We know many of our members are experiencing financial hardships due to this virus. We are working in coalition to demand that our elected officials implement paid sick leave for all workers in Louisiana and beyond. Until then, you can file for unemployment insurance for a maximum of $247/week. Download the instructions here. There are also new rules around keeping utilities on, preventing evictions, etc. Read them here. If you're in the greater New Orleans area, you can also give/receive help with funds, transportation, food, and more via the community mutual aid network. If you have children under 18, they can get a grab-and-go free meal at any of these locations. And these free meal locations are for anyone of any age. To find out about resources in Baton Rouge, Shreveport, and statewide, go here.
The 2020 Louisiana Legislature has been postponed until March 31. When it resumes, we will do everything in our power to make sure that we have a voice in the laws and reforms being made on our behalf. Check out what bills we'll be fighting for, and contact us if you or a loved one have been affected any of them. If you're also willing to record a video testimony, you can do so on your phone and email it to us.
The presidential primary election in Louisiana has been postponed until June 20. That also means the new registration deadline is May 20 (in person or by mail) and May 30 (online). In other words, please keep registering to vote! You can do so online here. Remember: you can vote if you are currently on probation, have been on parole for at least five years, or have finished your probation or parole time. You'll need to call your probation and parole office, first, and ask them to mail you a signed and sealed Voter Registration Form with your information on it.
The 2020 Census is still underway--fill it out online anytime before April 1. Please take 10 minutes to do so. Your responses make sure all of us--including loved ones still behind bars--are counted. They help lawmakers decide where necessities like stores, schools and housing are built in our communities.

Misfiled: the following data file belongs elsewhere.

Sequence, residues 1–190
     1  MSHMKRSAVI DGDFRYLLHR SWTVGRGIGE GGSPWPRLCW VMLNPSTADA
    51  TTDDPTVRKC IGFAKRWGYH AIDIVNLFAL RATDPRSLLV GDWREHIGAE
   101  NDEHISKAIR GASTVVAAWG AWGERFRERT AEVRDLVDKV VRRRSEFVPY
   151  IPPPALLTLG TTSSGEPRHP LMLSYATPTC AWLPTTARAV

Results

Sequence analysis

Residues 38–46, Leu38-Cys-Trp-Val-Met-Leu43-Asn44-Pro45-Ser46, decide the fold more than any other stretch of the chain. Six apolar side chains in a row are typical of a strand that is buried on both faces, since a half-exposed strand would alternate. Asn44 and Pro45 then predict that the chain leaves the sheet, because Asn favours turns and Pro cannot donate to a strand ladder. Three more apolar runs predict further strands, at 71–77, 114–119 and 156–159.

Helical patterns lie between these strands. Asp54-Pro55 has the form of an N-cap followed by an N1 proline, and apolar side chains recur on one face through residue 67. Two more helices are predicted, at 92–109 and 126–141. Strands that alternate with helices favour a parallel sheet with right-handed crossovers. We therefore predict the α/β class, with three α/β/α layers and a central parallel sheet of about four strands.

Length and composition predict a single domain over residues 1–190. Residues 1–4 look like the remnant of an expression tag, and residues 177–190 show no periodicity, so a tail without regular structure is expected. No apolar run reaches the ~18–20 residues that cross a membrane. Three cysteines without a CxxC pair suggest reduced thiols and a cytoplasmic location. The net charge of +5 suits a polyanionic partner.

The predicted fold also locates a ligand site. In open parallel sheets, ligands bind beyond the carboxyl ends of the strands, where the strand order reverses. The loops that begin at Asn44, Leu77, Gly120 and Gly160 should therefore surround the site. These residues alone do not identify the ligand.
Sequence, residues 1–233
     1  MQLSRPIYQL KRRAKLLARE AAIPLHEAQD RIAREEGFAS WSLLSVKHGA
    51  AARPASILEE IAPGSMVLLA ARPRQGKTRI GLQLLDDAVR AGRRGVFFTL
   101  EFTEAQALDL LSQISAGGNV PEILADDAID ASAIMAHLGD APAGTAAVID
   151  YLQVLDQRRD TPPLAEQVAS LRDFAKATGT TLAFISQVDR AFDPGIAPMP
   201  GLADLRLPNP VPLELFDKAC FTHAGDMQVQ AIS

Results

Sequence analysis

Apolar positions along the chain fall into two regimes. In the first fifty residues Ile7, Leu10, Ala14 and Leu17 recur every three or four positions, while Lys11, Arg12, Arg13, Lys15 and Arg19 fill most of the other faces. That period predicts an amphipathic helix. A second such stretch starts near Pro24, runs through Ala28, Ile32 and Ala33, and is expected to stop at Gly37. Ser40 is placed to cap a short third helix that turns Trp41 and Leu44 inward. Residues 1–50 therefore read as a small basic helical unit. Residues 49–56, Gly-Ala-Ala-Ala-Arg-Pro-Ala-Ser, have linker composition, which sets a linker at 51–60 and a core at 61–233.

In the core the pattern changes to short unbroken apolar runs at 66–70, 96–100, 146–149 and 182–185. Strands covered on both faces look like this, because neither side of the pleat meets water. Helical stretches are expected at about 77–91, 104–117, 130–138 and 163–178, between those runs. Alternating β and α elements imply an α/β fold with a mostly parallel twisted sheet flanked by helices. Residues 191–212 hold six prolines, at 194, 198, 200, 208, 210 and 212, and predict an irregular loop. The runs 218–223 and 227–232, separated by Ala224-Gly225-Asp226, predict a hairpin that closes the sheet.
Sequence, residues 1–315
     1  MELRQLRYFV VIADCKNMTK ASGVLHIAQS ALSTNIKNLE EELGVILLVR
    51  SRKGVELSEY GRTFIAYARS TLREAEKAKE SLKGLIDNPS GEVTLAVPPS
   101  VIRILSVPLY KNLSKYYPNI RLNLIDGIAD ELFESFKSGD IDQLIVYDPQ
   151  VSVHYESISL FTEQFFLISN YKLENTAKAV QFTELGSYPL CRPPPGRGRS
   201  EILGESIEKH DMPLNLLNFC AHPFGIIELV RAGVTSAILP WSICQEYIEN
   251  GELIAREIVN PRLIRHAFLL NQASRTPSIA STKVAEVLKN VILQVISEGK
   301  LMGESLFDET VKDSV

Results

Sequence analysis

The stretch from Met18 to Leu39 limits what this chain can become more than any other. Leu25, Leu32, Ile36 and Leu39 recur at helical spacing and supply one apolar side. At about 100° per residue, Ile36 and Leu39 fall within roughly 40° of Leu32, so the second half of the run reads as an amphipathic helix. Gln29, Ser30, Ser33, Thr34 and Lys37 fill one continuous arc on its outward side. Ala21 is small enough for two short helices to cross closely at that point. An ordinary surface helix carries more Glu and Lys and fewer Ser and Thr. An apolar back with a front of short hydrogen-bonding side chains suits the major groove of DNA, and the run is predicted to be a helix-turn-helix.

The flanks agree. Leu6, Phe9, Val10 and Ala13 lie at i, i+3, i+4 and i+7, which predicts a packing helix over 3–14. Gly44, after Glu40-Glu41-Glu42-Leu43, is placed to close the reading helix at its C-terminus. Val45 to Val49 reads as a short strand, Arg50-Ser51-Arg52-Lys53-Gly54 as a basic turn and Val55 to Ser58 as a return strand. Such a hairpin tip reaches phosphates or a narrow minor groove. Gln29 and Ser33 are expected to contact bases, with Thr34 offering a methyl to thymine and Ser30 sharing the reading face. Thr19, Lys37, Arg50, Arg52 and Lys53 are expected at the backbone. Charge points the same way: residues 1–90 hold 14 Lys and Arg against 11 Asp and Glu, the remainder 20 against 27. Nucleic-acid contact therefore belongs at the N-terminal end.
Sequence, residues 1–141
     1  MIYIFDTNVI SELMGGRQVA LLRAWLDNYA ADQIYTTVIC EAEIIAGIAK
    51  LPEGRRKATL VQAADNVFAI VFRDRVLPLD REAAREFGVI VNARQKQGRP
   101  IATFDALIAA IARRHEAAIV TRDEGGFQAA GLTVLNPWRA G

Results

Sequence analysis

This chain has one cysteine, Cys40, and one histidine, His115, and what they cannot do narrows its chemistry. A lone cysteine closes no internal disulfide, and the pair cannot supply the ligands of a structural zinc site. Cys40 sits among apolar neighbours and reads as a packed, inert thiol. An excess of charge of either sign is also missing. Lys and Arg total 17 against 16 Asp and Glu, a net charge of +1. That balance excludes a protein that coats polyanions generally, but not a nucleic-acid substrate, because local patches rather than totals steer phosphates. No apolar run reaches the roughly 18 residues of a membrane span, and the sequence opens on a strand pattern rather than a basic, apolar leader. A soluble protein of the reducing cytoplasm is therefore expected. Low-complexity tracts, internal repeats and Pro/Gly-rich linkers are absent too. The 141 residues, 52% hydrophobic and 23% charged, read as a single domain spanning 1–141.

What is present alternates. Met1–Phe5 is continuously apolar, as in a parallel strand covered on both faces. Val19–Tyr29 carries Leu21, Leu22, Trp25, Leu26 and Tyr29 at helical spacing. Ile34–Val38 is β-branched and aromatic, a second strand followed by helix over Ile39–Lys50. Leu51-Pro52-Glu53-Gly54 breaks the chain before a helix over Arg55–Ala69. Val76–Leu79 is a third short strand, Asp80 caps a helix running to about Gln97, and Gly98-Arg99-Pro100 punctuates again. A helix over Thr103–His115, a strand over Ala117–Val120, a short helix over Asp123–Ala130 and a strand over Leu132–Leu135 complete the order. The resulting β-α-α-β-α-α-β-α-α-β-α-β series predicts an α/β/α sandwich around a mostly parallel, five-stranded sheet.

If you have any questions or concerns regarding your loved ones in jails or prisons, where our work stands, or any of the above, please call us at 504-571-9599. We are available between 9am and 5pm, Monday through Friday.
This legislative session we’re introducing our most ambitious line up of bills yet. In order to win them, we need to show up at the Capitol as one strong and unified voice. That means we need more people with direct experiences of incarceration to speak up and speak out about the injustices they have faced. How? Check out these tips for successful advocacy, which work whether we’re sitting in one-on-one meetings with our elected officials, testifying in front of legislative committees, or making a speech in front of an audience on the Capitol steps.
1. Be prepared and brief.
We can expect all types of questions about our bills from both our supporters and the opposition. On top of that, we usually only have a few minutes of a legislator’s time to gain their support. We need to know what we’re going to say and be brief with it! Instead of writing out a full script (which can sound too practiced or, worse, fake) we like to make a list of two or three main points to really hit home, sandwiched by a short introduction and conclusion. Legislators hear so many people speak about bills every day, so use a strong opening statement to really grab their attention. For example, the Justice and Accountability Center of Louisiana is lobbying for bill HB 344, which would ban prisons from putting pregnant women and people with mental illness in solitary confinement. In practicing her testimony for HB 344, which would ban the use of solitary confinement for pregnant women and people with mental illness, Shametria Gonzales opened with, “Ending solitary confinement isn’t only a moral issue, it’s a bipartisan issue.” This hard-hitting and concise phrase sets the tone for a powerful testimony.